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Judge releases jury questionnaire for Trump's hush money trial

The form consists of 42 questions, including where potential jurors get their news, a week before jury selection gets underway in the New York criminal trial.
Image: Former President Donald Trump
Former President Donald Trump arrives at 40 Wall Street in New York after his court hearing March 25.Charly Triballeau / AFP - Getty Images file

The judge overseeing former President Donald Trump's hush money case in New York has approved a questionnaire for jury selection and instructions for prospective jurors in the trial, which is set to begin next week.

In a letter Monday, state Judge Juan Merchan provided attorneys in the case with a jury questionnaire that consists of 42 numbered questions on a range of topics. The form does not ask about party affiliation, political contributions or voting history.

Merchan pushed back against a contention by Trump's attorneys that potential jurors’ political affiliations and whether they like Trump is important to jury selection, saying that “contrary to defense counsel’s arguments, the purpose of jury selection is not to determine whether a prospective juror likes or does not like one of the parties.”

"Such questions are irrelevant because they do not go to the issue of the prospective juror’s qualifications," Merchan wrote. "The ultimate issue is whether the prospective juror can ensure us that they will set aside any personal feelings or biases and render a decision that is based on the evidence and the law."

The form asks prospective jurors numerous questions, including:

  • Their neighborhoods, professions, employers (present and past), marital status, hobbies and interests, and relationships with others who have been victims of crimes or, alternatively, have worked in places like the FBI or prosecutors’ offices or in criminal law
  • Whether because “political, moral, intellectual, or religious beliefs or opinions” they would be unable to follow the judge’s instructions or render a verdict
  • Whether they've read any of either Mark Pomerantz’s or Michael Cohen’s books about the alleged crimes and/or the investigation that led to the hush money case and whether what they have read or heard via audiobook “affects your ability to be a fair or impartial juror in this case”
  • About their personal, familial or close friends’ ties to Trump or the Trump Organization before it addresses whether they have engaged in certain activities that would reflect political support for Trump or “any anti-Trump group or organization” and/or extremist movements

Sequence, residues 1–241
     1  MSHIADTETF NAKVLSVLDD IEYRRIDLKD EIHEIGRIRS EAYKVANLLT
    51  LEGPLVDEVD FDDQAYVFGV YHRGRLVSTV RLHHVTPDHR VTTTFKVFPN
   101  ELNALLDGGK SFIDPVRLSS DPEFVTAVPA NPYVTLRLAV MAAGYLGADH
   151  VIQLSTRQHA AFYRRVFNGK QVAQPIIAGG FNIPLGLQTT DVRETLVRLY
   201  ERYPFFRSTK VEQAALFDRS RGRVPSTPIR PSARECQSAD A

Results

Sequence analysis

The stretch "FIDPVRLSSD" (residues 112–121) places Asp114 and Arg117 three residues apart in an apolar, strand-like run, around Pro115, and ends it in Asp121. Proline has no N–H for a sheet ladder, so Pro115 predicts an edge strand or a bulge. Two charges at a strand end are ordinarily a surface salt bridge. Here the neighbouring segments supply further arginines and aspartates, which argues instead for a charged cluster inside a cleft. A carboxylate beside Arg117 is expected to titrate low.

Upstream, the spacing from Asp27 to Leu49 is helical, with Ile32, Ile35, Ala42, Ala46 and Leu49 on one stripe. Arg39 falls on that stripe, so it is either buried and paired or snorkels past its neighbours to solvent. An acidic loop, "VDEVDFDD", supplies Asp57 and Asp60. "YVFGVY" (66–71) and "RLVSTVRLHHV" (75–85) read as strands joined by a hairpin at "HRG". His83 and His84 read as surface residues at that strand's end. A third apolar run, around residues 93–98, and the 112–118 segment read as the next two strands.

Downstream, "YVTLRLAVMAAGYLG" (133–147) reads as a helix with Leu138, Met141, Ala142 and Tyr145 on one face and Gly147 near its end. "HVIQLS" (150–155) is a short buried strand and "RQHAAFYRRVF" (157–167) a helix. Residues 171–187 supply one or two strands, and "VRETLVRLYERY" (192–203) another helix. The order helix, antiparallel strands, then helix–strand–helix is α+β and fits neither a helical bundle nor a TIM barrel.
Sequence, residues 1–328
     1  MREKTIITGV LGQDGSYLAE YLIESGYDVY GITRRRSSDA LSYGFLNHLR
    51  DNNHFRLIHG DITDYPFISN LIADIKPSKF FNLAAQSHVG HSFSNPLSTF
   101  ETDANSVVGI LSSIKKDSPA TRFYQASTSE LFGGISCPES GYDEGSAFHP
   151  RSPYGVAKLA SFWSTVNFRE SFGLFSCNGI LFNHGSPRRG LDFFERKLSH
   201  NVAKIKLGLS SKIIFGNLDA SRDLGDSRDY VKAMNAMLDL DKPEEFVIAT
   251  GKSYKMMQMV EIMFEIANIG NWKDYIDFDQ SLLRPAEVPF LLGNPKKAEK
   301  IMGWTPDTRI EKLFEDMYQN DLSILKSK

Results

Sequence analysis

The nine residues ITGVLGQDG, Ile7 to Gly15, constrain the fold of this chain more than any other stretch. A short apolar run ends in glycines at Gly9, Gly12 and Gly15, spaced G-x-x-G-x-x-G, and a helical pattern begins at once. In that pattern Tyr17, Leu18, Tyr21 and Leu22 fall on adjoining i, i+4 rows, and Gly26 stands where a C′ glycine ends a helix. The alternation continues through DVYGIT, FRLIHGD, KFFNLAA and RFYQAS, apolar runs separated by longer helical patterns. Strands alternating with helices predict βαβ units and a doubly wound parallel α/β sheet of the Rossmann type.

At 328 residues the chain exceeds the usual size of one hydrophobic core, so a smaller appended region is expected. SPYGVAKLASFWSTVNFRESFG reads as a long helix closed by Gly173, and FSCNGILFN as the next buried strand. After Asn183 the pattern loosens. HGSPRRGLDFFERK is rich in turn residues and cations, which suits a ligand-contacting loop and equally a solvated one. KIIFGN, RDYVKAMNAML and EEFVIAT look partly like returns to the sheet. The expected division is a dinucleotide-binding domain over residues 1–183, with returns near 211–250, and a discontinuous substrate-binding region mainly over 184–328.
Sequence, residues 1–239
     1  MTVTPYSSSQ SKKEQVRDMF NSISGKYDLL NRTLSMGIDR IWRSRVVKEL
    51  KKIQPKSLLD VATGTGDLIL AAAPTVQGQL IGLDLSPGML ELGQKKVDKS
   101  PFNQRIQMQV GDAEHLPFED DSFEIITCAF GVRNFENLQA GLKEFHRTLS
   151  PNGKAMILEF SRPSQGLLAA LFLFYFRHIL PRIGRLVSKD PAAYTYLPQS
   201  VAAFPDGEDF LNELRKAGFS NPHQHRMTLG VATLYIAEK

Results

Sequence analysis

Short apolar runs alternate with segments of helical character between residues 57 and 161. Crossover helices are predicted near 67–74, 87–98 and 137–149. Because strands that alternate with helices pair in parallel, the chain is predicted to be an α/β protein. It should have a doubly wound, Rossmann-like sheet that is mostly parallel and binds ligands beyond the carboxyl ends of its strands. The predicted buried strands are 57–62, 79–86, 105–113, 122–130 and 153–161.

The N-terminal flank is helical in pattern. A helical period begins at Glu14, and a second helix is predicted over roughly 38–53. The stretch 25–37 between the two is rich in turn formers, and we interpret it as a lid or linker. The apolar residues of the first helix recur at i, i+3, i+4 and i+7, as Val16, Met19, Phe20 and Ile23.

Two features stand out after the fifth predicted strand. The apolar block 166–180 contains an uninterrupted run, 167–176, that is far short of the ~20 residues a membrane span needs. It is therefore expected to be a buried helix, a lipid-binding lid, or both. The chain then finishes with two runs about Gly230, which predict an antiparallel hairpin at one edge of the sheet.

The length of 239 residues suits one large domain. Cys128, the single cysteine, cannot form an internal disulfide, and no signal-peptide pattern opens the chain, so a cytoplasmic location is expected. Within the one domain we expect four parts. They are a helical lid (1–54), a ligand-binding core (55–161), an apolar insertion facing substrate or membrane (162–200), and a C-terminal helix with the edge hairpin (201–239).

• Whether they practice “a religion that would prevent you from sitting as a juror on any particular weekday or weeknight”; Merchan noted in his letter that if any observant Jews are selected as jurors, the court will not convene during Passover
  • What they read, watch and listen to in terms of media consumption, followed by a list of options to check, including The New York Times, the New York Post and The Wall Street Journal, as well as CNN, Fox News, MSNBC and Newsmax and social media platforms like Facebook, X, TikTok and Truth Social.

Merchan suggested in his letter that the question of political affiliation “may easily be gleaned from the responses to other questions” but warned the attorneys in the case “not to seek to expand the degree of intrusion beyond what is relevant and has already been approved.”

Attorneys for Trump and the Manhattan district attorney’s office did not immediately respond to requests for comment Monday evening.

The dispute over political preferences has also been raised in Trump's classified documents case in Florida, with his lawyers and prosecutors battling over disclosures about political affiliation in a questionnaire for prospective jurors there.

Trump pleaded not guilty in Manhattan last year after he was indicted on 34 felony counts of falsifying business records in connection with hush money paid to adult film star Stormy Daniels during the 2016 presidential campaign.

In addition to detailing the jury questions, Merchan also said Monday that prospective jurors will be informed before they enter the courtroom that they will be identified by the numbers printed on their jury summonses “as a necessary measure to ensure anonymity.”

Merchan ruled last month that he will use an anonymous jury, effectively shielding jurors’ names from the media and the public, citing “a likelihood of bribery, jury tampering, or of physical injury or harassment of juror(s).”

In Monday's letter, Merchan said the court won't conduct individual interviews with prospective jurors who say they’re unable to serve, saying the step is “unnecessary, time consuming, and of no benefit” to the case.

The jury questionnaire and instructions come the same day a state appeals court judge rejected Trump's effort to delay the trial, which is set to begin April 15 with jury selection.